Another very difficult funeral today. I officiated at the young woman's wedding not so long ago; there was so much joy on that day, so much promise.
I do believe in the resurrection of the dead, so there was promise today also. But I'll be the fist to admit that absent the joy, it was much harder to see.
It might surprise some to know that that there are moments when, in fact, I can't quite see those promises at all. But that shouldn't be a surprise. My faith, like the faith of everyone else, fluctuates. Jaroslav Pelikan, a professor of history at Yale University for over four decades and a past president of the American Academy of Arts and Sciences, said this about the life of faith:
... There are ups and downs and hot spots and cold spots, and boredom and ennui and all the rest can be there. And so I'm not asked on a Sunday morning, "As of 9:20, what do you believe?" And then you sit down with a three-by-five index card saying, "Now let's see. What do I believe today?" No, that's not what they're asking me. They're asking me, "Are you a member of a community which now, for a millennium and a half, has said, 'We believe in one God'?"...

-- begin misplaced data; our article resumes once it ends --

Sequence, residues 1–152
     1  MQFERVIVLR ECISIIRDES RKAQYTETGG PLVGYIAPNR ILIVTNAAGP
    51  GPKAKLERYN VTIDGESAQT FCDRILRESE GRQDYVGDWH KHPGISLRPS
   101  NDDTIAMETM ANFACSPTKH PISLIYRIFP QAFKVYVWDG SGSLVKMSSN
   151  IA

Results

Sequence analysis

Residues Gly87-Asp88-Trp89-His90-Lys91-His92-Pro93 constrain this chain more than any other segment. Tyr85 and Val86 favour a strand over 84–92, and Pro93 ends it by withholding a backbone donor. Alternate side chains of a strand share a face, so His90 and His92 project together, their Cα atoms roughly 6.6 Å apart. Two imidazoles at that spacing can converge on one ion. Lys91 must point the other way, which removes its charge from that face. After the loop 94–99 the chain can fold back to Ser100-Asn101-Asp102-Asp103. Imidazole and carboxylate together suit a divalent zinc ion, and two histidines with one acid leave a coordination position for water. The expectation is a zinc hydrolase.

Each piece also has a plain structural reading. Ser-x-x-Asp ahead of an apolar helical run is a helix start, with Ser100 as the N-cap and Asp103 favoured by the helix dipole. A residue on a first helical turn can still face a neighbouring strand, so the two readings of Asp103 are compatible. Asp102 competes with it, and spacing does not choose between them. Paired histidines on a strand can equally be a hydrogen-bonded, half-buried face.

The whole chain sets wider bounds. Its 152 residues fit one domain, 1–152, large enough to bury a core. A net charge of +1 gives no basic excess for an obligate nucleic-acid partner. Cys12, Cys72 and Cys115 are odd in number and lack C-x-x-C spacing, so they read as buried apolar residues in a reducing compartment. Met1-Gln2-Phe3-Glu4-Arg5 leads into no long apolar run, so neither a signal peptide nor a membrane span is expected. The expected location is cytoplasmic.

Yes, I am. Some days it is only that community that gets me through, that hangs on for me when my own fingers have grown weary and lost their grip. Other days, like today, it is my privilege to return the favor, knowing that it is only together that any of us make it through.